First impression on unpacking the Q702 test unit was the solid feel and clean, minimalist styling.
Sega Alien Syndrome
A summer sequel you may not have seen coming, Alien Syndrome picks up about a hundred years after the original arcade game. Unfortunately, it may not be worth $80 to save Earth Command all over again.
- Character customisation is neat, it's a trip down nostalgia lane
- Nostalgia is overrated, shoddy framerate issues, fiddly controls and samey gameplay.
Alien Syndrome fails as a mindless shooter thanks to a number of irritating design flaws. Fans of the original will find little enjoyment here, we're afraid.
Price$ 79.95 (AUD)
Like other games of its ilk think Diablo but set in space and with aliens instead of demons Alien Syndrome lets you pick from a variety of classes, each with different starting stats and proficiencies. You can choose to be a melee character, a long range sharpshooter who uses a gauss rifle, a demo expert who wields a bomb launcher, a Marine like character who wields a laser rifle and a Firebug who wields a flamethrower. I started up my initial game as a Firebug, feeling that fire would be just as good for dispatching aliens as a laser gun or melee weapon. The good thing is that as you level up, you can add any proficiency to any character, so there's no worry about choosing the "wrong" starting character.
Unfortunately, the character creation and the subsequent character leveling is the most compelling part of the game. Each level you earn gets you two points for the four base stats (strength, dexterity, accuracy, and endurance) and one point to put towards a specific proficiency. At the end of my game, my character had evolved from a regular Firebug to one with better armor, stronger melee and fire weapons, the ability to recharge health, and one crazy critical hit percentage. There are nineteen proficiencies in all, so there are quite a range of combinations to try. You can even build a character that's specifically useful in co-op mode by taking healing and recharge auras which affect all players (up to four via Ad Hoc) in range.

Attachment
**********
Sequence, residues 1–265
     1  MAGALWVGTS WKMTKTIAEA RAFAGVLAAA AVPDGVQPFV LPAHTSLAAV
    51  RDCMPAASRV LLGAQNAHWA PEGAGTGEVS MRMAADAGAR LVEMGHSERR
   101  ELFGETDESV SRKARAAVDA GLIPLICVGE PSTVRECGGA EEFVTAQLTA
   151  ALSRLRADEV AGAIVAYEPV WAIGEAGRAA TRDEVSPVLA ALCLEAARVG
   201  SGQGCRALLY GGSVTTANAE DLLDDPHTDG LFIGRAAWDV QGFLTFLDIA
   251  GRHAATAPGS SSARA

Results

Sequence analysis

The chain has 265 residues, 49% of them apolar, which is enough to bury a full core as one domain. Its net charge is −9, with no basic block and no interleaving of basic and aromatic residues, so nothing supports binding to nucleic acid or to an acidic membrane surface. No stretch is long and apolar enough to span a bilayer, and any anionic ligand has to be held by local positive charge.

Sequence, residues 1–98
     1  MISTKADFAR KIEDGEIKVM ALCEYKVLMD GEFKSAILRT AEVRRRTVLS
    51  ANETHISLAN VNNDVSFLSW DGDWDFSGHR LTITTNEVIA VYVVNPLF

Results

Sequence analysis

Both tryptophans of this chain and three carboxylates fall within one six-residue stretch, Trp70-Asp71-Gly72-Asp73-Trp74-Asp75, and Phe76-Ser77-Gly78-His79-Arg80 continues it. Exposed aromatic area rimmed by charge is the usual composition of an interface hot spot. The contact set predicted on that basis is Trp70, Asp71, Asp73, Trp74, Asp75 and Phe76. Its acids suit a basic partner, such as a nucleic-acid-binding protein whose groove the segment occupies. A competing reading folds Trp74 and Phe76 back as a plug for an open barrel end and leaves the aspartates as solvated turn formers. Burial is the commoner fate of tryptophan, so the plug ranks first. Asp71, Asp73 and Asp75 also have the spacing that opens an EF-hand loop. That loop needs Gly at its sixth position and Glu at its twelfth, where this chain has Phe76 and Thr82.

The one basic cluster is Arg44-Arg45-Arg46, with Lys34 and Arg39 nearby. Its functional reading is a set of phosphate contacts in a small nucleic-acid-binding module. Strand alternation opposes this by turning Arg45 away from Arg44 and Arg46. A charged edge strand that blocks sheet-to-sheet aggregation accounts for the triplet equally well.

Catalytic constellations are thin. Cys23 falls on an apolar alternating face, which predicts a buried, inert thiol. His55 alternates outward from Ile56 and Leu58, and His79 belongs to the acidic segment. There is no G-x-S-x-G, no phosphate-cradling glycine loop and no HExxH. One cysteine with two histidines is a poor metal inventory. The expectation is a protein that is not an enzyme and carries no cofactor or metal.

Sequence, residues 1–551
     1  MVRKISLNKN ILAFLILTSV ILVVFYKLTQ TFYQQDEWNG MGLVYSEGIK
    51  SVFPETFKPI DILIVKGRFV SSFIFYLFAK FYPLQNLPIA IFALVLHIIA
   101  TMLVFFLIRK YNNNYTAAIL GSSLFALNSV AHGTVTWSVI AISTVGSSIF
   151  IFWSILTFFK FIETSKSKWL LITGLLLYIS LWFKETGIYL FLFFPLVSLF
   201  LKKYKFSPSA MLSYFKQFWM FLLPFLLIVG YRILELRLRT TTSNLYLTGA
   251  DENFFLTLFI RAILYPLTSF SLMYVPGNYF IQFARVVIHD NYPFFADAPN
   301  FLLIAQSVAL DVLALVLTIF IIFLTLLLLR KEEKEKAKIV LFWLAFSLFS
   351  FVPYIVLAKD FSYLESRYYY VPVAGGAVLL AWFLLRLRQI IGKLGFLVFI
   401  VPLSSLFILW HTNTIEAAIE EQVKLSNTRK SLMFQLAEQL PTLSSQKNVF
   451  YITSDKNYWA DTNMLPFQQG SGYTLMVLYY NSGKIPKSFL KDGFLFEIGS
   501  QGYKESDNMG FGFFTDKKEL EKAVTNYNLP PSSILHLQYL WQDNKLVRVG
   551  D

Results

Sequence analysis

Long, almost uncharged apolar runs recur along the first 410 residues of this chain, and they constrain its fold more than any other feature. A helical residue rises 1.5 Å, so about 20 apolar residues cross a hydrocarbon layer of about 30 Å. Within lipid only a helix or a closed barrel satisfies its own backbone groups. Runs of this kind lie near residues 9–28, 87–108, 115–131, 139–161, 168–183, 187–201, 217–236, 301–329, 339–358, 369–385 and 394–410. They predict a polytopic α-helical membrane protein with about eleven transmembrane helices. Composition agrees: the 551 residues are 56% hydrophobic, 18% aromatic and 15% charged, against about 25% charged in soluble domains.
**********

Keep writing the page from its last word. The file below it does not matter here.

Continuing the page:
There's also a ton of loot that gets dropped and that helps mix things up a bit. The amount of stuff you can carry is determined by your strength stat, which also predictably affects your melee damage. In addition to health and energy (used for your temporary shield) pick-ups, you'll find armor, weapons, and add-ons for a nifty little robot friend you have, called a SCARAB. If the items you find are of a grade lower than what you're using or don't have the stat bonuses you want, you can feed them to the robot for salvage and he'll craft you something you do want, like extra ammo. He's like a store that follows you around and even shoots if you mod him that way.
But beyond that, the game is sort of a slog. It never evolves beyond the basic shoot-everything-that-moves model. You enter an area, kill a bunch of enemies, pick up loot, enter another area and kill more aliens. There's something inherently entertaining about the whole experience but it also can get repetitive and tedious after a while.
Also, the controls are tough and take some getting used to. Without a second analog stick a common complaint about the PSP, I know aiming your weapons is an exercise in frustration. You have to move the analog stick in the direction you want to shoot and hold down the fire button to lock your character down in that direction; you can then strafe around. Changing the direction of your aim is a hit and miss affair and you'll waste a lot of ammo just trying to draw a bead on an enemy (thankfully, there's a ton of it lying around).
There is also an issue with slow down when the screen gets crowded, the action would sometimes slow to a crawl. I even experienced a complete hang up of the game when things got really hairy I can't imagine what it would be like during a four person co-op multiplayer game.
The deep character customization options aside, Alien Syndrome is a flawed game with too many quirks to recommend. It's a passable single-player experience but if you can find some friends to play with, it just might help you kill an hour or two here and there.
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GGG Evaluation Team
For work use, Microsoft Word and Excel programs pre-installed on the device are adequate for preparing short documents.
The Fujitsu LifeBook UH574 allowed for great mobility without being obnoxiously heavy or clunky. Its twelve hours of battery life did not disappoint.
The screen was particularly good. It is bright and visible from most angles, however heat is an issue, particularly around the Windows button on the front, and on the back where the battery housing is located.
My first impression after unboxing the Q702 is that it is a nice looking unit. Styling is somewhat minimalist but very effective. The tablet part, once detached, has a nice weight, and no buttons or switches are located in awkward or intrusive positions.
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